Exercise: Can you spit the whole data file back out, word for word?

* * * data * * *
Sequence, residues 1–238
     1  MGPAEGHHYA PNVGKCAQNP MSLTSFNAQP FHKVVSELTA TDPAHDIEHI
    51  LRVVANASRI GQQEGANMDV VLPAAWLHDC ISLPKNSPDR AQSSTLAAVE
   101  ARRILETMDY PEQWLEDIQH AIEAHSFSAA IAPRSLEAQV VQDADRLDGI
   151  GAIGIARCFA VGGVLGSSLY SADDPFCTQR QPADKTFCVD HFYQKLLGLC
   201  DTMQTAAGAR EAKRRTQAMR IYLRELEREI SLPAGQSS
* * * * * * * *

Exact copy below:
Sequence, residues 1–238
     1  MGPAEGHHYA PNVGKCAQNP MSLTSFNAQP FHKVVSELTA TDPAHDIEHI
    51  LRVVANASRI GQQEGANMDV VLPAAWLHDC ISLPKNSPDR AQSSTLAAVE
   101  ARRILETMDY PEQWLEDIQH AIEAHSFSAA IAPRSLEAQV VQDADRLDGI
   151  GAIGIARCFA VGGVLGSSLY SADDPFCTQR QPADKTFCVD HFYQKLLGLC
   201  DTMQTAAGAR EAKRRTQAMR IYLRELEREI SLPAGQSS